“I can’t say that he did,” replied the witness.
“Didn’t Gheesling turn the face in his direction?”
“What did Frank do then?”
“He stepped aside, there was a curtain there and he stepped back of that.”
“When he went behind the curtain could he see the body?”
“Did Frank ever go into the room where the body lay?”
“When we first came up Frank went right to the door while Gheesling was uncovering the body,” Black replied.
“Did he go there again?”
“Not to my knowledge,” the witness replied.
“How long did Frank stay behind the curtain?”
“Just a moment.”
“When he came from behind the curtain did he go toward or away from the body?”
“He went away from it.”
“Did Frank say anything?”
“He said he didn’t know the girl, but that from her dress he thought she was one of the girls he had paid off the day before and that he would look on the pay roll and see if the name of Mary Phagan appeared on it.”
Black then told of going to the factory with Frank and Rogers and at this time court adjourned until after lunch.
The afternoon session began with a continuation of Detective Black’s story. He was being questioned by Solicitor Dorsey.
“What did Frank say and do at the factory that morning?”
“He talked with Mr. Starnes, Newt Lee, Mr. Darley and myself.”
“Did you see him go to the clock?”
“Yes. He asked if it had been punched correctly, looked at it, made an examination and said it had been punched correctly up until 2:30 a. m.”
“Did Frank state at any time that the clock was accurate?”
“He said on Tuesday that the clock had been passed three times.”
“Did he produce a time slip at that time?”
“Yes, a slip which he gave to Chief Lanford on Monday.”
“What became of the slip he had Sunday?”
“He carried it into this office Sunday morning.”
“Who was present Sunday morning when he stated that the slip had been punched regularly?”
“Detective Starnes, Chief Lanford, Newt Lee, ‘Boots’ Rogers and myself.”
“Do you know of any date he put on the slip at that time?”
“I couldn’t state.”
“When did you first hear Frank state the slip was incorrect?”
Not Positive of Date.
“I am not prepared to swear, Mr. Dorsey. It was Wednesday or Monday, one or the other.”
“Who was being held at that time under suspicion of the crime?”
“Frank was not then under arrest?”
“When was he arrested?”
“Tuesday morning, about 11:30 o’clock.”
“What were the inaccuracies he quoted from the slip?”
“10 p. m., 11:30 p. m., and—I can’t recall the others.”
“Ddi Frank send for counsel before he was put under arrest?”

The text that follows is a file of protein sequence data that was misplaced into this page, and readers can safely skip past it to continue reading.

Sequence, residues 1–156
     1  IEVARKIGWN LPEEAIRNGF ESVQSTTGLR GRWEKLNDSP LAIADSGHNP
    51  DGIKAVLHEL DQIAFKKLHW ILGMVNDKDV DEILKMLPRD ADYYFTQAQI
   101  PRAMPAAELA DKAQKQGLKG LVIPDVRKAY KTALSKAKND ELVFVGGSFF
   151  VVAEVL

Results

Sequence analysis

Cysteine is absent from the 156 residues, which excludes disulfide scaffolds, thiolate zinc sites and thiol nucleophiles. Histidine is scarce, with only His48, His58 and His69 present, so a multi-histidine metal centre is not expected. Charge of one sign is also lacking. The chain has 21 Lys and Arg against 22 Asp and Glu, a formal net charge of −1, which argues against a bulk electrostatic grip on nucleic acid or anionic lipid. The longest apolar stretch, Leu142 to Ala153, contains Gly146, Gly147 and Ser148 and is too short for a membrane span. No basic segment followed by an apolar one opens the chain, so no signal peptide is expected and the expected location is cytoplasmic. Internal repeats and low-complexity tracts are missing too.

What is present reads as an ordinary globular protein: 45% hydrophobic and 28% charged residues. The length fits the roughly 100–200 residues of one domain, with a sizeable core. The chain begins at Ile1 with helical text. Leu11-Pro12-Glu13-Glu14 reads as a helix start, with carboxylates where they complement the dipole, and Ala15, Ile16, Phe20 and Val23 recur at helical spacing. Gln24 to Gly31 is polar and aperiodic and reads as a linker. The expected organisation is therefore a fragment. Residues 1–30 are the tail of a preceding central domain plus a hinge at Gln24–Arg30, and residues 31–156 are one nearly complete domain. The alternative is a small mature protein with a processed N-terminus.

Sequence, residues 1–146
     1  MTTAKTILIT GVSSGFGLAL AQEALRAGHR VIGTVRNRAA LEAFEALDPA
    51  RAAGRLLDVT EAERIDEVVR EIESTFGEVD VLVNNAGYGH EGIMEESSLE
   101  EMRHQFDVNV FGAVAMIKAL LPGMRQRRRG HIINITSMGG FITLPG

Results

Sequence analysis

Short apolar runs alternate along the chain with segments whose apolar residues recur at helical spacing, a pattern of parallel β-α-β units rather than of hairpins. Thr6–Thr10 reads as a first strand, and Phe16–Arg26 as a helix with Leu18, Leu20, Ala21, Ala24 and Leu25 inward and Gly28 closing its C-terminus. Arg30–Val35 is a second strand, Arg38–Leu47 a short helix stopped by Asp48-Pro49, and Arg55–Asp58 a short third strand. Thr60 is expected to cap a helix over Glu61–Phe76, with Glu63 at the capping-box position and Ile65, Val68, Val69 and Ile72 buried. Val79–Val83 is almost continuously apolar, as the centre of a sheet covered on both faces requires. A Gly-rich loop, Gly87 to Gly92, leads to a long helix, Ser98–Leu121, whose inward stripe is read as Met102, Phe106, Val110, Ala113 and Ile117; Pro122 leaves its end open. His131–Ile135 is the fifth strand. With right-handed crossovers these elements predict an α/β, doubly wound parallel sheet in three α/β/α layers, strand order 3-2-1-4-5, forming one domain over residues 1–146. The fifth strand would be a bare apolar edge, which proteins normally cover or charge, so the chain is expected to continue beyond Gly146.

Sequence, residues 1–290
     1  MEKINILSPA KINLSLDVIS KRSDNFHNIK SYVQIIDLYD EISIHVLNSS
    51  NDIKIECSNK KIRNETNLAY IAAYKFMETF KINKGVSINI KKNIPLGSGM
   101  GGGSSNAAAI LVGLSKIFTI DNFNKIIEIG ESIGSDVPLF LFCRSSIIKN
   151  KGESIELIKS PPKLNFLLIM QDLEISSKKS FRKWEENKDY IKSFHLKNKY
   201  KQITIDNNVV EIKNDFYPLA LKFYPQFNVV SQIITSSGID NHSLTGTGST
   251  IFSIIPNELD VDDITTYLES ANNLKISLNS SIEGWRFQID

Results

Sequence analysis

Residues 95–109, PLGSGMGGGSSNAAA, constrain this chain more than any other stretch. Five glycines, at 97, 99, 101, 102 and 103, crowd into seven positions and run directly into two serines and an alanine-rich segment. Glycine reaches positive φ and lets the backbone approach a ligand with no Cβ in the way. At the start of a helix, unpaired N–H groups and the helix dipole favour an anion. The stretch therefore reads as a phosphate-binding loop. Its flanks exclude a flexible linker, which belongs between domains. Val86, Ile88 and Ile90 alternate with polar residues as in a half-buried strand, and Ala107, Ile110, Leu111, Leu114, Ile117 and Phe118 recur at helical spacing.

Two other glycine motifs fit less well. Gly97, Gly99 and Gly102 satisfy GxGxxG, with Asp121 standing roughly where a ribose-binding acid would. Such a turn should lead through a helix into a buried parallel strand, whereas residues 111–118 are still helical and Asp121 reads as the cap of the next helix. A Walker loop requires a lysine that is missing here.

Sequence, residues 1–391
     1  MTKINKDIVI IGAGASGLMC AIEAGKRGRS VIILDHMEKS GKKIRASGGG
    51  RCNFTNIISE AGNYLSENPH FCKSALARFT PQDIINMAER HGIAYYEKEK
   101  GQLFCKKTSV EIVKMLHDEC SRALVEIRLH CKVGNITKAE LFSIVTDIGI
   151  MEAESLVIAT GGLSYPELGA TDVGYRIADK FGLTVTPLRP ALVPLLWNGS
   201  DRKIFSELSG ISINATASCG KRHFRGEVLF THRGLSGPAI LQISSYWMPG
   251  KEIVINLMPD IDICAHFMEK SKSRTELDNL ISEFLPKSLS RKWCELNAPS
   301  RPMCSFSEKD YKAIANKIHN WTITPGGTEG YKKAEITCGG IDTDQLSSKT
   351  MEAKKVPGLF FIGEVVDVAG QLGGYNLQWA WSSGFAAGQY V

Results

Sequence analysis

“Monday morning Herbert Haas and Attorney Rosser were at the pencil factory.”
Attorney Arnold interrupted here, declaring that the question was irrelevant. Solicitor Dorsey said in an answer,
“Here is a man not charged with anything employing counsel before his arrest. My intention is to show his conduct in every respect.”
Judge Roan sustained the solicitor.
“Mr. Black, please state when Frank first had counsel,” he put
“On Monday morning Frank went to—“
An objection was made by the defense, which was overruled.
Attorneys at Frank’s Home.
“At 8:30 o’clock Monday morning Attorney Rosser came to police headquarters. Detective Haslett and I went to Frank’s home. I asked him to come to headquarters to see if he could throw any light on the murder. He got to the station within thirty minutes. On the way downtown we talked to Ben Fell. We reached the station house at 8:30 o’clock.”
“What was there?”
“In a few minutes Mr. Rosser came in. Herbert Haas following him a moment later.”
“Did you hear Haas make a statement in Frank’s presence?”
“Yes. Haas demanded Chief Lanford and the detectives to search Frank’s residence.”
“Was Frank under arrest at that time?”
“Was he restrained of his liberty?”
“What were Haas’ grounds for making such a demand?”
“He said he was Frank’s attorney, and was entitled to demand a search.”
“What time was that?”
“About 11:30 a. m.”
“With whom did Attorney Rosser confer?”
Frank’s Talk With Lee.
“Do you know what took place between Frank and Lee on Tuesday night?”
“Detective Harry Scott and I had a talk with Lee. We talked with Frank, and I suggested he take Lee in a room and try to get something out of him. They went together in a locked room, and stayed 5 or 10 minutes.”
“Did you hear what was said?”
“Some. I could not hear perfectly, though—not enough to swear to what I did hear.”
“Did you talk with Frank after he had been in the room with Lee?”
“We went inside where they sat, and Frank and Newt stuck to his story. He said he told the negro that it looked like he knew something, as no one was in the factory but him that night. He said he could get nothing out of him.”
“Did you talk with Frank in reference to getting data on the murder? If so, what did he suggest?”
“In a way, he seemed to suspect Lee and Gantt.”
“He said no one was there from 6 p. m. but Lee, and that the negro should know something of it. He also stated that Gantt had been there that Saturday afternoon.”
“Subsequently, was Gantt arrested?”
“Yea. The conversation with Lee was after Gantt was arrested.”
“When did Frank first say anything about Gantt?”